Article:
As the 6-hour race cutoff time approached, Lynne, Makiyo, and I walked back towards the finish line. I photographed runners as they climbed down rock ledges, and I photographed race director/runner Dick Vincent at the scenic overview of Artist’s Rock. Dick completed his 30th Escarpment Trail Run for a total of 900 kilometers of suffering. When we encountered course sweepers Jeff Vona and Matt McDaniel, we were just about at the finish line.

It is a highly regarded accomplishment to complete the Escarpment Trail run in less than 3 hours. This year’s winner, Benjamin Nephew, finished in a time of exactly 3:00:00. I was told that he had 2:59:59 on his watch, but the course officials resolutely stayed with 3:00:00. It is amazing what one second can mean. Martha Nelson of State College, PA, the first female finisher and 34th overall, had a time of 3:58:30.

After the race, I talked with Everett White, one of the volunteers at the Dutchers Notch water stop. Everett had pulled 5 runners off the course. He said, “Anybody after 4 ½ hours at our point at Dutchers Notch is not going to finish the race in 6 hours, so we pull them. We walked them out [down a service road] and then drove them back to the finish line. I know how they feel as runners, and to have to pull somebody, especially a few runners who were only 6 or 7 minutes over the time frame. But the rules are the rules. If it had been me [who had been pulled] I would have been kicking and screaming. But we had to pull them, so that is what we did.”

Later, at the camping site, Phil Sylvester said, “You told me at Newman’s Ledge there was a mile to go. I don’t know where you got your measuring stick. Later, another person on the trail told me it was a quarter mile to the finish line; I don’t know where they got their mark. It is my opinion everyone on the trail lied to us about the distance. A quarter mile was a mile and a half.” Or so it must have seemed to the tired runners. Cal Johnson earlier had confirmed my guess that it was one mile from Newman’s Ledge to the finish line as the turkey buzzard flies.

Phil said, “I couldn’t see within 2 miles of the start of the race. My eyeglasses steamed up, and I knew it was the humidity. I took them off and hooked them on my belt, and I lost them. There were times on the course I would say, ‘I have been here before!’ The runner next to me said, ‘You lost your eyeglasses, so you are going around in circles. That’s why you think there are 6 lemon squeezes going up and 6 lemon squeezes going down.’ My legs cramped after the second mile, so I had to fight the cramps the whole distance. I didn’t think I would finish, just because of the cramps. I can’t describe the pain. One runner told me as I was running uphill that every second saved running up Windham Mountain [one of 6 mountains on the course] is 2 seconds lost at the finish of the race. If someone is walking up a hill, you follow them because if they are walking, they know something that you don’t. At places, you could not walk down, you had to climb down; that’s how steep it was. I fell again about ¾ of a mile from the finish line, just before all of the drops, so that was challenging. They gave me the ‘I was injured on the Escarpment Trail’ medal. Perhaps it was more psychological, because when I crossed the finish line, I turned a very pale gray and looked like I was going to die! Am I going to do it again? I don’t know. It’s kind of like giving birth. We’ll see how I feel next year.” [Two days later, Phil said he wanted to run next year’s race. Perhaps he should sue his high school.]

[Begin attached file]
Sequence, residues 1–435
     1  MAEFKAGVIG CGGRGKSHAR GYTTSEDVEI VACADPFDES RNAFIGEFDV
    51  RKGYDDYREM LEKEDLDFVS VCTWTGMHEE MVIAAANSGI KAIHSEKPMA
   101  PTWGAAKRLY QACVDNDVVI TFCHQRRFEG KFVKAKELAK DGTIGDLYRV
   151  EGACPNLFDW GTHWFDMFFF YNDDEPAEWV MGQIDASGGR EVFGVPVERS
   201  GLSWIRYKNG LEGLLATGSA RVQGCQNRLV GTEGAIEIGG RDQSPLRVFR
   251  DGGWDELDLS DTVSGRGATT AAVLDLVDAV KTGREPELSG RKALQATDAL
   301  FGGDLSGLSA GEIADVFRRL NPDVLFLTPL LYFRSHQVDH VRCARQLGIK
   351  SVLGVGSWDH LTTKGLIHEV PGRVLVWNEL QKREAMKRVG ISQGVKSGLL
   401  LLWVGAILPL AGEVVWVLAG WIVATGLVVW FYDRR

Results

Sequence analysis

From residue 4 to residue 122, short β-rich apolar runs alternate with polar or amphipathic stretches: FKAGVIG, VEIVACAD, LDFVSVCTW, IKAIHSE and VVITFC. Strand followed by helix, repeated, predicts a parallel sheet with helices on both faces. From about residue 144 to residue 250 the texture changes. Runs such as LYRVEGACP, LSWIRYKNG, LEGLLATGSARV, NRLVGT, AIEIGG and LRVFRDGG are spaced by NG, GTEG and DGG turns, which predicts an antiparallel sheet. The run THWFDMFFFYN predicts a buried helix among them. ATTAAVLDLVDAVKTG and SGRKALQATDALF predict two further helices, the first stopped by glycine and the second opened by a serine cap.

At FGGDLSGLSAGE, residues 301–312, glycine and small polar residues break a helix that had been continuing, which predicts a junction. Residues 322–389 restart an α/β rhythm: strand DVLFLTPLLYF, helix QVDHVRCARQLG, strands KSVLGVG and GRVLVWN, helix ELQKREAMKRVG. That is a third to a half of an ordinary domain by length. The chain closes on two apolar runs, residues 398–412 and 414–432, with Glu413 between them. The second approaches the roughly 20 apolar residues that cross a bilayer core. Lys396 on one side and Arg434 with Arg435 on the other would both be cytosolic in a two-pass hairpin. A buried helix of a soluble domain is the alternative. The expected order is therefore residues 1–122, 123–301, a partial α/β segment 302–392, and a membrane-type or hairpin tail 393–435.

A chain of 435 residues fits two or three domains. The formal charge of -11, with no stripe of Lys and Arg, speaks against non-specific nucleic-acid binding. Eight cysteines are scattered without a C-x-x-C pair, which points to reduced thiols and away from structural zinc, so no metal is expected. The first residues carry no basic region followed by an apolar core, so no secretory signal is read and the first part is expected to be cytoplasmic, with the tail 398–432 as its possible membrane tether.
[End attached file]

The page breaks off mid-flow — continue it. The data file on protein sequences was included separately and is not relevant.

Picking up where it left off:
We later visited the campsite of Escarpment Trail veteran Wayne McDaniel, who in the past had finished consistently in the top 10. Wayne and Phil discussed race strategy. Wayne said, “I put my hands on my knees and power-walk up the hills. It helps to distribute some of the work to your upper body instead of using all your legs. For something that long, you don’t want to use your legs the entire way.”

Discussing the course conditions caused by the drenching rain the night before the race, Phil said, “The runners in front muddied up the rocks for us. I hit some rocks that I thought would be okay, and I went down. I probably slipped 5 or 6 times. I didn’t twist or roll my ankle once during the whole course. But the last time I slipped and hit my knee real hard, which was right after I passed Newman’s Ledge. I saw one girl go down, and I didn’t think she was going to get up. She did, and she beat me!”

 Wayne replied, “For the back-of-the-pack runners, it is a lot muckier and more slippery because 150 runners have already been through. However, I went down maybe twice today. That’s how it typically is. I’ll almost go down, but save myself. I have seen people fall really badly when I used to be up in the top 10.”

So, why would anyone run such a race, especially after reading “THE ESCARPMENT TRAIL RUN IS FOR MOUNTAIN GOATS ONLY!!!” at the http://escarpmenttrail.com web site? It cannot be for the T-shirt; you must run the race 6 times before you get the 100-mile T-shirt, 11 times for the 200-mile T-shirt, 17 times for the 300-mile T-shirt, and 22 times for the 400-mile T-shirt. Bill Ring, who ran for the 25th time, is working towards his 500-mile T-shirt. So if not for the T-shirt, why do runners enter year after year? Perhaps it is for the adventure, or for the bragging rights, but probably most of all for the camaraderie of this rarified running community and to prove to oneself the ability to gan bare.